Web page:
The 20/10 Rule of Thumb

Other prominent exceptions to the 10-year limit for qualified designated beneficiaries include the owner’s small child, a crippled or chronically sick beneficiary, and any other beneficiary who is no older than 10 years old.

As a consequence of the SECURE Act, which was approved in 2019, the age limit for RMDs was raised from 7012 to 72 for those whose 70th birthday is on or after July 1, 2019.

Provided you failed to take RMDs, you may be eligible for relief if you can demonstrate reasonable cause for your failure. You are not required to pay the penalty right away, but you must submit Form 5329 with your tax return and provide an explanation for your omission (e.g., you had a severe medical condition or received bad tax advice about how much to take).Furthermore, you must demonstrate that you took the RMD as quickly as possible. Form 5329 instructions describe what to do.

Protect Yourself if You Took Distributions Before Age 59½

Even if you weren’t obliged to take distributions, you could have done so because you needed the money before reaching retirement age. The distribution is fully taxable in most cases (other regulations apply to Roth IRAs and nondeductible IRAs) and is reported to you on Form 1099-R. Furthermore, unless you qualify for an exemption, if you were under the age of 5912 at the time, you will be punished 10%.

Because to the 2020 pandemic-related economic crisis and its significant financial effect on many American households, the regulations for early retirement account distributions for the 2020 tax year have been amended. As long as they were eligible for stimulus payouts, qualifying people may borrow up to $100,000 or 100% of the vested amount in their retirement accounts (whichever was less). The payout is taxable, however taxes may be spread out over three years rather than being owed all at once in 2020.

If a taxpayer returns the money to the plan within three years, the transaction is deemed a rollover and is not taxed. The CARES Act also permits taxpayers to postpone payments on past outstanding retirement account loans for up to one year.

If you qualify for an exemption in regular (non-COVID) years, you may escape the penalty but not the tax on the payout (the IRS lists the acceptable reasons).If you wish to depend on an exception, gather your evidence immediately. If you are handicapped, for example, make sure you have evidence from physicians or the Social Security Administration proving that you are completely and permanently unable to participate in any serious gainful activity. If you used the money to pay for eligible higher-education expenditures for yourself, your spouse, or a dependent, save all receipts.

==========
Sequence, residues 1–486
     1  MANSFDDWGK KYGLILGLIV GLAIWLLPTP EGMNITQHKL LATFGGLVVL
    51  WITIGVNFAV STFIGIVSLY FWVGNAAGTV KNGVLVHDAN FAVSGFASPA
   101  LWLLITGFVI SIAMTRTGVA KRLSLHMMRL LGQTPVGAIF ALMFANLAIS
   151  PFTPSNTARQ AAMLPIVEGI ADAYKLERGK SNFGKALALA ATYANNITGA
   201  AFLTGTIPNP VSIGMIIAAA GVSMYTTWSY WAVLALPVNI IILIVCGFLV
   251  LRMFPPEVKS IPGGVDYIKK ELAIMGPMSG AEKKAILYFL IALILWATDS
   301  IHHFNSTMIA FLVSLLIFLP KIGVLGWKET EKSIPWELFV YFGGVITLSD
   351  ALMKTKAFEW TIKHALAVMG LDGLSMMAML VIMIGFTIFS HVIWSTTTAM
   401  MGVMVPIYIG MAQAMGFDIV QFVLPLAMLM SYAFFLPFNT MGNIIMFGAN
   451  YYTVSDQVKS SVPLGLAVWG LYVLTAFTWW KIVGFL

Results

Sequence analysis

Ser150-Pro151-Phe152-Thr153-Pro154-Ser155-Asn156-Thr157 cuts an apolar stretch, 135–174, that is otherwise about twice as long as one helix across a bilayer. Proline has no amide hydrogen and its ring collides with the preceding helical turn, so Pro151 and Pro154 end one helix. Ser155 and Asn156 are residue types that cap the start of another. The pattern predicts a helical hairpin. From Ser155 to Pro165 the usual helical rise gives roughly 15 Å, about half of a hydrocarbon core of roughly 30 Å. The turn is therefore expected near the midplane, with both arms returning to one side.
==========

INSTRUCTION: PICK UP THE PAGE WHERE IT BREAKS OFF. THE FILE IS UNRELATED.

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What Is the RMD Age?

The Required Minimum Distribution (RMD) laws were altered by the Setting Every Community Up for Retirement Act of 2019 (SECURE Act). RMDs must be started before April 1 of the year after your 72nd birthday. If you turned 7012 in 2019, the previous regulation still applies, and you must have taken your first RMD by April 1, 2020. RMDs are not required for Roth IRAs throughout the account owner’s lifetime.

What Is the Deadline for Contributing to an IRA?

Contributions to your Roth or regular IRA are normally allowed until the tax filing deadline, which is usually April 15. That means you have until April 15, 2022, to contribute to your IRA for the tax year 2021. If you make a donation between January 1 and April 15, be sure to mention which tax year the contribution is for. Otherwise, the contribution may be applied to the current tax year by your account custodian.

The deadline for IRA donations for the tax year 2021 is Monday, April 18, 2022.

How Do I Correct an Excess IRA Contribution?

If you contribute more to your IRA than is permitted, you may be subject to a 6% penalty each year until you correct the error. If you discover your error before completing your income tax return, you should remove the extra contribution and profits (you still have to declare the earnings as income on your taxes).If you’ve already submitted your return, you must eliminate the excess contribution and profits and file an updated return by the October extension deadline.

The Bottom Line

The regulations governing retirement funds are complex and change on a regular basis. Speak with your plan administrator or IRA custodian, or even better, your tax counselor, for assistance.